The well-tempered bridge.

April 17, 2018, 6:36 AM · I was recently involved in a (friendly) debate about bridge design.
Self adjusting was a "no no . One interesting remark was about the bridge acting as a low pass filter.
I found a bridge on line that had "everything" wrong. Too fat. Lower than normal. Etc.
This new bridge was also at the limit of my budget at $29.

I installed the new bridge and could have guessed. Never better!
Never trust a violin.

Question . Separate question......
I have an Eastman and down by the button (outside) are 1/16" numbers 1415P
What's this. ??

Outside the violin not inside!

Replies (10)

April 17, 2018, 6:47 AM · Questions:.. How are you fitting these "new" bridges?
Are you buying bridge blanks or some advertised "pre-fitted bridge"?

The fitting/carving/setup of a new bridge is probably more critical than the brand/model/price point of the blank.

April 17, 2018, 8:36 AM · Teachers, pros, and luthiers are often horrified when amateurs start doing stuff like this, but I think there's a real value in learning about the instrument and getting a sense of how different things work. If it plays reasonably well for you, go with it. If you realize it's a barrier later on, get a new bridge carved and installed by a pro. Nothing ventured, nothing gained..
Edited: April 17, 2018, 9:21 AM · My "problem" with bridges and violins in general is the empirical pretending to be scientific. But don't get me wrong. I don't think there is anything wrong with the violin. It did however take a while to make a "truce"

PS . All my test bridges are the automatic fit variety.

Edited: April 18, 2018, 2:01 AM · Darlene, while this bridge may produce a sound you enjoy, on your particular instrument, finding one on the violin of a professional player would be extraordinarily rare.

"Scientific" explanations? That's what engineers and scientists tend to do. ;-)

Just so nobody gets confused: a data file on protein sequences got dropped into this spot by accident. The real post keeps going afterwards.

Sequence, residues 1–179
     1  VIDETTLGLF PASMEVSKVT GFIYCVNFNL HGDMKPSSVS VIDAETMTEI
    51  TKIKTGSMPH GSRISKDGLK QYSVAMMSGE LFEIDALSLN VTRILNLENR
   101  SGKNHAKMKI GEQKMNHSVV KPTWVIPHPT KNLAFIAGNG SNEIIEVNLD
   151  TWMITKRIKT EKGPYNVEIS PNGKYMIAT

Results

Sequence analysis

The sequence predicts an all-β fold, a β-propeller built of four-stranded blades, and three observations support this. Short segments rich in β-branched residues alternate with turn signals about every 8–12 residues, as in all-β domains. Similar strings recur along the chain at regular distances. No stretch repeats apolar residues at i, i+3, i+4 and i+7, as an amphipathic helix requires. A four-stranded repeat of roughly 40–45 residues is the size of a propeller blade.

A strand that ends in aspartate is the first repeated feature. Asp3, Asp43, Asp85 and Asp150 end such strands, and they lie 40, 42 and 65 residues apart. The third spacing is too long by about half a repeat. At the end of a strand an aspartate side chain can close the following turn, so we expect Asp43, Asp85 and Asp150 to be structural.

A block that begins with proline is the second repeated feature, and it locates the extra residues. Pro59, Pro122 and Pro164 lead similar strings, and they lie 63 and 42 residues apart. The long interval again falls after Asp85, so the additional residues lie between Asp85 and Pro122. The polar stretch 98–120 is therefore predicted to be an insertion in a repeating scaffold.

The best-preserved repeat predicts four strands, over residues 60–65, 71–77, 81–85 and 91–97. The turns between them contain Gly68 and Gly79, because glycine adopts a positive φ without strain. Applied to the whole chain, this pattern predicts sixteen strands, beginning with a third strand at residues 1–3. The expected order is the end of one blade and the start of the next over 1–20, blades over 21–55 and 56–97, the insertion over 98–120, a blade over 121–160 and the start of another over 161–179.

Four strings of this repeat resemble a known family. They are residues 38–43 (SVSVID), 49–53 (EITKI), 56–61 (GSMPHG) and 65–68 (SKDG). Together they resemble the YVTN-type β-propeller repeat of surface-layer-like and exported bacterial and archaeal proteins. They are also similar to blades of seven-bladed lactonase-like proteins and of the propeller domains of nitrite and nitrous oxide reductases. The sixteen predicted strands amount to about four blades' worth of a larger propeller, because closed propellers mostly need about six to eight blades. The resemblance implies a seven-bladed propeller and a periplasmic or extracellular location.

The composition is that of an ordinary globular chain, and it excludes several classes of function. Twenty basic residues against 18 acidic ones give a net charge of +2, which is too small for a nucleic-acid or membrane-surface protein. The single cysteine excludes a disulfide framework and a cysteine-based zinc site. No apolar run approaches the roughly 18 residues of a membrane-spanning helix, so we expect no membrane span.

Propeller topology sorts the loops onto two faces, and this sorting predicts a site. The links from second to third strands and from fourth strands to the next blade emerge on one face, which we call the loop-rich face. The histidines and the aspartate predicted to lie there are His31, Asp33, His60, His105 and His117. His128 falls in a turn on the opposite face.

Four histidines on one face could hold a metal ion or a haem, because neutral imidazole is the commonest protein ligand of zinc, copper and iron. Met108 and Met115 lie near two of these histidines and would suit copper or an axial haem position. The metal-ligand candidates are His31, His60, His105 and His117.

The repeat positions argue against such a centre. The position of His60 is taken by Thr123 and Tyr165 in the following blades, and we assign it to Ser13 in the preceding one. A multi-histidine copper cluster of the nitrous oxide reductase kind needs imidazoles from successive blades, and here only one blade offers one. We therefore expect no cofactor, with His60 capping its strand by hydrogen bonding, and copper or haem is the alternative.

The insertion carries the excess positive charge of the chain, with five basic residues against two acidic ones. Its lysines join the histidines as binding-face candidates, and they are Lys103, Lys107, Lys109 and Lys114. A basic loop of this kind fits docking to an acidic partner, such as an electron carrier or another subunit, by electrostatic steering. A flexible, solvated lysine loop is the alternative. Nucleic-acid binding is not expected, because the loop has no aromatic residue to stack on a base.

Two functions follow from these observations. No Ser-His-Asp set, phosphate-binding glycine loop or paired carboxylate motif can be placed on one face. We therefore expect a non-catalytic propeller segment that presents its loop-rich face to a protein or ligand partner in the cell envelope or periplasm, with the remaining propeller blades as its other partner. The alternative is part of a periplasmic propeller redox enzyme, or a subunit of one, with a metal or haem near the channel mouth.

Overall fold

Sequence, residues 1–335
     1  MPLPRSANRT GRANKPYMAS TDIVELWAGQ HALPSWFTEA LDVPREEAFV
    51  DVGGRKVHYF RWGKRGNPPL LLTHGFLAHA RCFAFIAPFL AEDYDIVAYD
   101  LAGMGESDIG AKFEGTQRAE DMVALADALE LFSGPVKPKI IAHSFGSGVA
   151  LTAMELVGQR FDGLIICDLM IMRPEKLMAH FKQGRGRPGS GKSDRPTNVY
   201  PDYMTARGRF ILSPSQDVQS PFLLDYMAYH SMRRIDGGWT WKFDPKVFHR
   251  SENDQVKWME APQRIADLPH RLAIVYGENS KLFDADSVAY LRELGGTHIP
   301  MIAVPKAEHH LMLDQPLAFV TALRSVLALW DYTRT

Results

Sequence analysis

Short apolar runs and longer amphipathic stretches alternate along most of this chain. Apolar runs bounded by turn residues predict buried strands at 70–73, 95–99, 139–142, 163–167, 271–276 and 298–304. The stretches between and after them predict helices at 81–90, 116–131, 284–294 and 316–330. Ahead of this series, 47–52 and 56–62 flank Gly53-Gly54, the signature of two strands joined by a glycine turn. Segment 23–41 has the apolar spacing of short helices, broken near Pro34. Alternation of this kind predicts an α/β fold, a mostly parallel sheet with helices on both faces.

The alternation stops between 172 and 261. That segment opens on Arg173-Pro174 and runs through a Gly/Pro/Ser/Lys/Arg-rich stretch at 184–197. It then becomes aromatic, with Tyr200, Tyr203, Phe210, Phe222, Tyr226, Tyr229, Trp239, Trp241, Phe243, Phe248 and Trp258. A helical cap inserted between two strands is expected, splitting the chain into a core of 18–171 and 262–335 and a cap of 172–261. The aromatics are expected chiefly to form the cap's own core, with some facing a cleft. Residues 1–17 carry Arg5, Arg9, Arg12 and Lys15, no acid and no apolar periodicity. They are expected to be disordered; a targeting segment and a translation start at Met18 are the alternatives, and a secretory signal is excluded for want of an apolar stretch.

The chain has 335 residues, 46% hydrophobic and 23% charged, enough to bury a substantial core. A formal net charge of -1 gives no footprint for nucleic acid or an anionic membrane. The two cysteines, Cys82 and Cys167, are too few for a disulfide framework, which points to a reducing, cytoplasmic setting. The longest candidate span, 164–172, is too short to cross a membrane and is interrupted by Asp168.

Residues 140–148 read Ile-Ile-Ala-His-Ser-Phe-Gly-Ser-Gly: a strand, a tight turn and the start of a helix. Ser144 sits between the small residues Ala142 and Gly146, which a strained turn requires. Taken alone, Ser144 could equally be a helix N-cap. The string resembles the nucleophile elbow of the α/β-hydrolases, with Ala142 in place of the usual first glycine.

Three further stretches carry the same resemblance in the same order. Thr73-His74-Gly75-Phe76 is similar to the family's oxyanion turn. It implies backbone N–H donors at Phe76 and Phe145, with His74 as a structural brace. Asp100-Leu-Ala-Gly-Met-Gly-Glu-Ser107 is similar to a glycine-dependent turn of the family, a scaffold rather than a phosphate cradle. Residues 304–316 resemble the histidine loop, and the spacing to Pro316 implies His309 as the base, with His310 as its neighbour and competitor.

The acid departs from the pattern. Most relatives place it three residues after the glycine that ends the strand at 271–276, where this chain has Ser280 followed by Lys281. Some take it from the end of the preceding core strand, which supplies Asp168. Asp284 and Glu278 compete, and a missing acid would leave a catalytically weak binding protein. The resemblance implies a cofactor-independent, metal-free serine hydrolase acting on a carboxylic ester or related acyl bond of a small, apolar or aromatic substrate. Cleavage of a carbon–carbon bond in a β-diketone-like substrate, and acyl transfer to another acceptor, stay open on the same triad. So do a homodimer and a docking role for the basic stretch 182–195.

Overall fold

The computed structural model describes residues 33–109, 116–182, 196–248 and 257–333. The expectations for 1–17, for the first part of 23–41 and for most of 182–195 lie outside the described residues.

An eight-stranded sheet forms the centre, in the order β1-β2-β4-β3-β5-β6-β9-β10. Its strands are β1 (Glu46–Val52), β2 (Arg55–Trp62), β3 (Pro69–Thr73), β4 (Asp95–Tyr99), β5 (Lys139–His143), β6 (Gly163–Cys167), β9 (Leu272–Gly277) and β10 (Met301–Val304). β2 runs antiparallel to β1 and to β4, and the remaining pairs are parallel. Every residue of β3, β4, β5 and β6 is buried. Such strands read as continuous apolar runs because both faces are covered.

In the luthier world, there are some who embrace it to some extent, and some who do not. People seem to like to have an explanation for things (whether the explanation is right or wrong), rather than making do with a mystical look or a shrug. LOL

April 18, 2018, 7:51 AM · Actually, my violin has yielded some modest rewards BUT did I really need a shoebox full of disappointing strings to make that happen?
Edited: April 18, 2018, 9:27 AM · In my 79 years of bowed string instruments I only tried a "self-adjusting bridge" once. I found it acted quite like a mute, filtering out much of the overtone spectrum that makes these instruments sound so wonderful. In my early years, as a kid practicing in his bedroom in a NYC apartment, playing with a mute was sometimes essential to keep the neighbors at bay, and at times (with my kid fiddles) I actually liked the sweeter tone. But when I was 10 or 11 and was given my last "kid fiddle," an antique Tyrolean "lady's full-size" I wanted to hear all that good stuff "up there." That violin lasted me through high school and served me as CM of the HS orchestra for 3 years.

I would think that a "self-adjusting bridge" might improve sound and balance on fiddles with too much high-frequency noise, such as found on some VSOs - either that or a mute!

April 21, 2018, 5:52 AM · I wonder if a self adjusting bridge might not be better than an amateur fitted version?
Edited: April 21, 2018, 9:05 AM · No! My experience has been that it is possible for an amateur (like me) to do a better job of bridge firing than an unfitted self-adjusting bridge. Now, if one were to taper the self-adjusting bridge and fit the feet - maybe that could be better. But if you could do that, you could also do it with a standard type of bridge blank.

I have fitted bridges myself with OK results - but not the kind of results that a real luthier gets. There are books about "home repairs" that give guidance on ways to shape the feet and how to taper the front and back of the bridge. But how to recut the "holes" and other finer details seem to be in the province of the pros.

Realize that even a violin maker (one who dos not also do repairs) may not make more than a dozen bridges annually, while a luthier who does repairs may do hundreds annually and have dozens of years experience doing that.

April 22, 2018, 7:01 AM · People all have their variously-informed opinions (often informed only by how much money is thrown at the problem), but when a bridge works, it works, and it's hard to argue against that.
April 23, 2018, 8:48 AM · "Hard to argue" and impossible to explain but nothing sweeter :)

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